Today's Trucking
opinions Peter Carter

Welcome to Pete’s Blog and Grille

Posted: August 1, 2014 by Peter Carter

Mid-March, after four days at the annual Mid-America Trucking Show in Louisville, I was looking forward to my own bed, back home. Even though I’ve never met a hotel room I didn’t like, I was very happy to see my own front door.

Get this: I arrive at midnight, hit the sack and proceed to dream about Randy Travis dating my wife Helena.

I’d seen the legendary singer/songwriter a day earlier, back in Louisville. He was signing autographs and talking to fans first near the entrance to the show and later at the Western Star booth.

The lines just snailed along, largely because he engaged every fan in conversation. Put his arm around the ladies and looked the men straight in the eye. (C&W musicians, I’ve heard, are better at the fan thing than a lot of their pop counterparts. If you have any notions why, share, please.)

This is another reason my wife Helena keeps reminding me that I have my dream job: Trucks, travel, writing, meeting great people, and a home to come back to. Guess she’s right. Again.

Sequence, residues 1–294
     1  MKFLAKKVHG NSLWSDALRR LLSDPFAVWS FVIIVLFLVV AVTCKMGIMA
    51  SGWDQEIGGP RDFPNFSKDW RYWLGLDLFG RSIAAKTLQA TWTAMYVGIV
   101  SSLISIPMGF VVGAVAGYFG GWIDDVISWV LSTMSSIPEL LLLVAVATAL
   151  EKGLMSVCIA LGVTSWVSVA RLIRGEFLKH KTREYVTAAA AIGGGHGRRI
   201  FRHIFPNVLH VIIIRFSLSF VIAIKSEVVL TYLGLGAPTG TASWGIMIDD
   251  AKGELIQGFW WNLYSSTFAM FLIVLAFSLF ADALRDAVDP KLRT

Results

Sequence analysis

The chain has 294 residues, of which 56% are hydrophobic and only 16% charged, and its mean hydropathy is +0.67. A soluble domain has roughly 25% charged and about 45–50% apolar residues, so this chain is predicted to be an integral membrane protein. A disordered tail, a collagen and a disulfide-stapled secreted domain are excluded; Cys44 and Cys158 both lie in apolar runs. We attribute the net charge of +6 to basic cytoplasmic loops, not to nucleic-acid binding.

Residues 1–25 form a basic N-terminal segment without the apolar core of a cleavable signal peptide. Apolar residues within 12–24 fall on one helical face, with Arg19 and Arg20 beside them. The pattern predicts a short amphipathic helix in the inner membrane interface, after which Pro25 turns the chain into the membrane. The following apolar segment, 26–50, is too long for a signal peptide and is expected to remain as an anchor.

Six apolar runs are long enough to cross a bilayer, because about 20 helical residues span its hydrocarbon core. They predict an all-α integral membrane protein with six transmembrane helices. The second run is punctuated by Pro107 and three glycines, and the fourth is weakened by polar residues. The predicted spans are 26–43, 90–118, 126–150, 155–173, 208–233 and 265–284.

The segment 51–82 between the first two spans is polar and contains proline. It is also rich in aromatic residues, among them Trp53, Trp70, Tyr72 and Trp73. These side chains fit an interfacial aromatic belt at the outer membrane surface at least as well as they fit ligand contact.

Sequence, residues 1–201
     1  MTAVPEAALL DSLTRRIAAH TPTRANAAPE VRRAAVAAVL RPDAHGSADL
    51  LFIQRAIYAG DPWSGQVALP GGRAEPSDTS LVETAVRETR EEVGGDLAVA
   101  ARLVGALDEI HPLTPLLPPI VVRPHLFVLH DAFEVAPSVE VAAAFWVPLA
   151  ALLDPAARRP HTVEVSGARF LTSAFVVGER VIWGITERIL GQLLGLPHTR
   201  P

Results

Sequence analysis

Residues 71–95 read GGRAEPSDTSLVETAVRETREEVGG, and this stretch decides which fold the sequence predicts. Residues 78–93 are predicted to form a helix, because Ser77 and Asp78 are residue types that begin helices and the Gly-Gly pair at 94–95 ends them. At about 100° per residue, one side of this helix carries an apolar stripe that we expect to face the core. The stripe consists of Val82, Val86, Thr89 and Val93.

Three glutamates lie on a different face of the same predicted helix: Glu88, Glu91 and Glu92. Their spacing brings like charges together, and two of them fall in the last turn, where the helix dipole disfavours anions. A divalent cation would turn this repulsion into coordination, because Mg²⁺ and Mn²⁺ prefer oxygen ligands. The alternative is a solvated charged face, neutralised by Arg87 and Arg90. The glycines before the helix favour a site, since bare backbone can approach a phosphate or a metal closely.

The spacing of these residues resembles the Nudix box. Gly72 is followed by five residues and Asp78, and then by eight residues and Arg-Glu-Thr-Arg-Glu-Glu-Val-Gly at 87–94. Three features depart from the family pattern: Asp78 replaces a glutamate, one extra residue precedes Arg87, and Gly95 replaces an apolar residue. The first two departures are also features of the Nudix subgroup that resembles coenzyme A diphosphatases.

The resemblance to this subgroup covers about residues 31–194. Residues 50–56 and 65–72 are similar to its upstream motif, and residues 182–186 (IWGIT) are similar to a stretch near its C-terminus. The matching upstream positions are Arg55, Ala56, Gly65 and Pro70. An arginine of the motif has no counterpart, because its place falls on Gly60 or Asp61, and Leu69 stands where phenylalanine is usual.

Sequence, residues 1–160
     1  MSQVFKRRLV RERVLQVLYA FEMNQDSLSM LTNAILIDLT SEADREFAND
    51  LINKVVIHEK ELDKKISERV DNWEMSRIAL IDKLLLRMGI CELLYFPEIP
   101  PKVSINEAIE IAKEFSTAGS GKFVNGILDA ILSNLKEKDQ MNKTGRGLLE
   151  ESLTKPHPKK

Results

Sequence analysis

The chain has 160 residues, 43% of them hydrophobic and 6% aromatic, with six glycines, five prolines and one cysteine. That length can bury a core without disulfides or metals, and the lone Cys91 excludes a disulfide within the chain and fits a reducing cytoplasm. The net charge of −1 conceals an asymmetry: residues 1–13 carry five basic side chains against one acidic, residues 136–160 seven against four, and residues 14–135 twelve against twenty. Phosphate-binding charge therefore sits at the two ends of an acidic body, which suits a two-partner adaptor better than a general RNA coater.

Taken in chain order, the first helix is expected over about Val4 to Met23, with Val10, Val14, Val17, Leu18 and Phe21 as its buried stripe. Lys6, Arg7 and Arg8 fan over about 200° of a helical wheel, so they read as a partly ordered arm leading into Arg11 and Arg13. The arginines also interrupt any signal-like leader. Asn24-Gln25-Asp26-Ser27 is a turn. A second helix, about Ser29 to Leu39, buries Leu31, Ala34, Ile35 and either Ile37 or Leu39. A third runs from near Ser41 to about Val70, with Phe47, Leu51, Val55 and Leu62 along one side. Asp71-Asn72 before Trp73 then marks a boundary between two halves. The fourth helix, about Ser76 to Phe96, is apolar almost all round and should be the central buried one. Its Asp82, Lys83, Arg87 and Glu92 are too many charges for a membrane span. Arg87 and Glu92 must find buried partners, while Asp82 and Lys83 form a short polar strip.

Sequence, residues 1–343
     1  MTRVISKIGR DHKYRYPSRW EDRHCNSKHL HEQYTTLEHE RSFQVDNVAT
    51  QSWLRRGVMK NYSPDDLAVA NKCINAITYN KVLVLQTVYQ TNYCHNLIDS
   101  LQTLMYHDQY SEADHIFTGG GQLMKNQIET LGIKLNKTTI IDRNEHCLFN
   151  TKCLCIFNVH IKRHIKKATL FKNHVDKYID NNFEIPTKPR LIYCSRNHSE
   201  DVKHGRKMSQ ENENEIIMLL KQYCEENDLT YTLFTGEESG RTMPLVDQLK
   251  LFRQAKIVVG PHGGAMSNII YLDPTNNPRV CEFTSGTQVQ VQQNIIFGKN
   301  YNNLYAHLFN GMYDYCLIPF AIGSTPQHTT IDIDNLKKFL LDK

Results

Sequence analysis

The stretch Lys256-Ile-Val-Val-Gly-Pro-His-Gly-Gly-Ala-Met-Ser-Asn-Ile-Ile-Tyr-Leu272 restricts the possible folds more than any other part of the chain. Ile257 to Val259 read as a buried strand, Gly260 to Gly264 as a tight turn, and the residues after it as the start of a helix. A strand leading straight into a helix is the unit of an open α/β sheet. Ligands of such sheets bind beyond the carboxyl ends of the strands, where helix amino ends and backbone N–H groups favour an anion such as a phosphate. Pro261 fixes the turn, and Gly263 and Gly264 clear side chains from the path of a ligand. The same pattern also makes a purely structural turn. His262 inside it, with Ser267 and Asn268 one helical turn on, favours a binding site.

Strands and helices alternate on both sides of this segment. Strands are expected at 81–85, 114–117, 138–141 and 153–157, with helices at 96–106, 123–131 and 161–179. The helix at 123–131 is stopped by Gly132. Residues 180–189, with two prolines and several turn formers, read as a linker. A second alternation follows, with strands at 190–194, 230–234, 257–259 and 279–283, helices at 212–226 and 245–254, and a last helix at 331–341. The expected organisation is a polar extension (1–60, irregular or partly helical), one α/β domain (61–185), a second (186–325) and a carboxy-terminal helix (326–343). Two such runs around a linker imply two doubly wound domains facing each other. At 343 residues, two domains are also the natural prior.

I’m pretty pumped that the dream job now includes this weekly blog. Nothing I like more than talking. (I’m like Donkey in Shrek: “What’s the point of being able to talk if we gotta keep secrets?”)

Good timing, too. I’m starting this blog on the heels of MATS and on the eve of Truck World 2012. See lots of you there, I hope.

It’s also the 25th anniversary of Today’s Trucking and, based on the buzz around the halls at MATS, this year’s going to be a good one if you’re in the truck business.

Speaker after speaker at MATS told anyone who would listen that there’d be millions of tons of trucks built and sold in 2012, (240,000 class 8s is the magic number) the implication being that there’s lots of freight to be moved.

Other impressions: natural gas is no longer fringe. Ditto trailer skirts. And especially automated transmissions. Plus all the OEMS are talking about “total integration.”

One more thing — a very last impression from the 10-hour drive from Toronto to Kentucky and back.

Those American trucks sure move out. Some of those drivers must own shares in the big fuel companies because they certainly drive their trucks to drink.

And I’m no Warren Buffet but I’m thinking if those drivers believe the price of fuel’s coming down they’re dreaming in even greater Technicolor than me.

Till next time. Follow me @peter_truck on Twitter. Bet you’d like it.

 

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